"So, you stole it?" he repeated.

    "You know what? Take it." I handed it to him, but he pushed it away.

     "Keep it." He said, gazing into my eyes. (No joke. You could cut the tension with a knife.) He put the silence to a halt by bringing us back on topic.  "What are the species you believe he is?"

     "He could be either a Kaeye, a Raguson, or a Derko."

     "Sounds about right." Suddenly, his eyes lost focus, concentrating on something else. "What is that?"

     "What is what?"

     "That sound." He rushed to the door of the TARDIS, flinging it open and sticking his head out, listening. I followed, trying to hear it as well. But I couldn't.

     "What's going on?"

     "Cross Derko off the list. That is the song of a sister species."

     "A what?"

     "Sister species. There are three sister species: Kaeye, Ood, and Raguson. The Raguson felt the Ood were too different, and they sold them out, like slaves. There was nothing the Kaeye could do for them, but they wanted to adopt something of the Ood, to remember them, and they chose a song, the song of their captivity. The Kaeye began singing it when a half-life if their type was created. Unfortunately for us, the Raguson also took the song and its new traditions. That could be the sound of either."

     "I can't hear a thing," I admitted.

     "Do you want to?"

     "Yes." The Doctor placed his hands on my head, placing his ring fingers and pinkies under my ears, his middle and index fingers on my temple, and his thumbs directly below my eyes. I could feel him moving throughout my brain.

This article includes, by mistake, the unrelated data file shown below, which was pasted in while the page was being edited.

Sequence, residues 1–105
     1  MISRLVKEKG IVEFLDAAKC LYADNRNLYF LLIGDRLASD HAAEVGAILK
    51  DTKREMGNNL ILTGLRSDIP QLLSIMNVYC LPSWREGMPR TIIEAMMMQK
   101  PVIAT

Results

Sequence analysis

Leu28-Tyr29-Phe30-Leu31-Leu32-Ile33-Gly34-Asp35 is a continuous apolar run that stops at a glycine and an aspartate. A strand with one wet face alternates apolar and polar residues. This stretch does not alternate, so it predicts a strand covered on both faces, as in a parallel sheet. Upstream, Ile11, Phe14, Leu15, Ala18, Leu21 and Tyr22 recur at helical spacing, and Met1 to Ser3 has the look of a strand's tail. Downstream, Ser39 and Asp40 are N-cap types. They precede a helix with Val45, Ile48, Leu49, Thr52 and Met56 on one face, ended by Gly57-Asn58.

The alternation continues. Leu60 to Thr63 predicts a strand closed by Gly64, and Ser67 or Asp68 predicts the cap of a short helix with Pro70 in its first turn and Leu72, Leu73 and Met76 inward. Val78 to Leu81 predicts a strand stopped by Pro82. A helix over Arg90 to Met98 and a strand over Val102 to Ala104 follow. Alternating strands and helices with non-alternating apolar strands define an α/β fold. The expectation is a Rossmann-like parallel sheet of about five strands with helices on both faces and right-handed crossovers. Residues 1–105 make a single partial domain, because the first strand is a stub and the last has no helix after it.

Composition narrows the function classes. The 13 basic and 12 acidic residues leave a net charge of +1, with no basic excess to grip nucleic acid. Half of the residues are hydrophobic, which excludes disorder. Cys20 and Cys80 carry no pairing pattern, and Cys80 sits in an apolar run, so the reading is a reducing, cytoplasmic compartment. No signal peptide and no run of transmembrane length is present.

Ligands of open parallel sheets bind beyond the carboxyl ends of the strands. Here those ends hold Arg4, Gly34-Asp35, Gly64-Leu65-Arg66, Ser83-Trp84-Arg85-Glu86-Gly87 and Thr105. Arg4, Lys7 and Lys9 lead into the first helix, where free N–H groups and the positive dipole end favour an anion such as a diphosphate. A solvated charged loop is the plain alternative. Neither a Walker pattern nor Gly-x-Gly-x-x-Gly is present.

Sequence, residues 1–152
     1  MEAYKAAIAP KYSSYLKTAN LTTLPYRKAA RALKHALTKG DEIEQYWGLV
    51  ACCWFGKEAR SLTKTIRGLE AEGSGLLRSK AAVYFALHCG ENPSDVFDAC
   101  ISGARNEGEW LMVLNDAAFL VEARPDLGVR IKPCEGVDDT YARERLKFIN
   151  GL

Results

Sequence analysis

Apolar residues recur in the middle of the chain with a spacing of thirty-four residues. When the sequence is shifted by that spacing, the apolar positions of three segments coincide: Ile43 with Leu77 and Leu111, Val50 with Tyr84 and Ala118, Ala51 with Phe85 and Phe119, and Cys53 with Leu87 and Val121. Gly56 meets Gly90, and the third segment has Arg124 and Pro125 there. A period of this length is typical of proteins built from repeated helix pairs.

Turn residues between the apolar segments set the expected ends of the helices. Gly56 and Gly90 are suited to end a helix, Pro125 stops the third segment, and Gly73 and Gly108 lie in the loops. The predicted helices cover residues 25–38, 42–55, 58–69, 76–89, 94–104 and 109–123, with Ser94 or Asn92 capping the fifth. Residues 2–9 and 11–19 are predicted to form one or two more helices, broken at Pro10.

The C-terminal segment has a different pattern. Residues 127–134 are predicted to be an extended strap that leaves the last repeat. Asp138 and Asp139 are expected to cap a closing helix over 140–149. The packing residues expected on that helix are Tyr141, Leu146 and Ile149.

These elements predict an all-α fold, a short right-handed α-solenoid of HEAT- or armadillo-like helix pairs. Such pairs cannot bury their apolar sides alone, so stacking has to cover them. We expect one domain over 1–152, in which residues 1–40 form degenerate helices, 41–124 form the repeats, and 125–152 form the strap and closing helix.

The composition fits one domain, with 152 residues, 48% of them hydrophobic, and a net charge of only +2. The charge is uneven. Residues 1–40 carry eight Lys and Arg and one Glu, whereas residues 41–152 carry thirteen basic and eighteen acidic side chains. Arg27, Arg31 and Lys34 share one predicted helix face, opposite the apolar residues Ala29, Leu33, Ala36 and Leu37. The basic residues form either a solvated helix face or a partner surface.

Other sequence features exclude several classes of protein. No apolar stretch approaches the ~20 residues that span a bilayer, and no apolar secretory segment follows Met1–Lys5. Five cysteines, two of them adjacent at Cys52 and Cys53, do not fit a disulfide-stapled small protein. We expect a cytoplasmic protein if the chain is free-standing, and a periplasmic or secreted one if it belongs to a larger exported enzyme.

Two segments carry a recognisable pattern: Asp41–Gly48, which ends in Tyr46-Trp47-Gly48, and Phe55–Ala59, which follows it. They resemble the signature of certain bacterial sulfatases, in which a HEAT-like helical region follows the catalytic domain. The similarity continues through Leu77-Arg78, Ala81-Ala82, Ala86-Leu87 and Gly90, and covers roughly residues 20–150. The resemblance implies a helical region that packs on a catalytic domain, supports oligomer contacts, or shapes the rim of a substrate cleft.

"Just open your mind," he said. I did so, and a melody rushed into me. It was indescribable, the melancholy chorus. I wept a tear, which soon became many. I barely noticed the Doctor pulling his hands out of formation.

      "It's so beautiful, and sad."

     The Doctor nodded, understandingly before asking, "Do you want me to take it away?"

     "No," was my answer, although I was silently shouting "Yes, yes, yes! Take this burden away from me!"

     "You're strong. You know, Donna, my last companion, she asked me to take it away."

     I could tell from the look in his eyes that this Donna character was a sore subject for him. She probably had some horrible thing happen to her. Trying to avoid an awkward moment, I brought up a new topic. "That thing you did with your hands, that was pretty cool. Can anyone do that, or just time travelers?"

     "A human could enter a mind like that if they truly needed to, yes. But they rarely have a time when they would need to. It's simple, happens as soon as your hands are in the correct positions, but you need to truly, totally, without a doubt in your mind, want it. And that sounded incredibly dirty, didn't it?"

     Stiffing a laugh, I replied, "Kinda." And then a realization struck me, causing my short, happy moment to  come to a close. "Wait, you said the song. It - when a half-life is created."

     Like he was reading my thoughts (although, I hoped he wasn't inside them anymore), he answered the unasked question. "Yes, I'm sorry. Vicky. She's a-" He cut himself off, allowing the truth to sink in.

     I completed the terrible thought. "-a half-life. My sister is a half-life."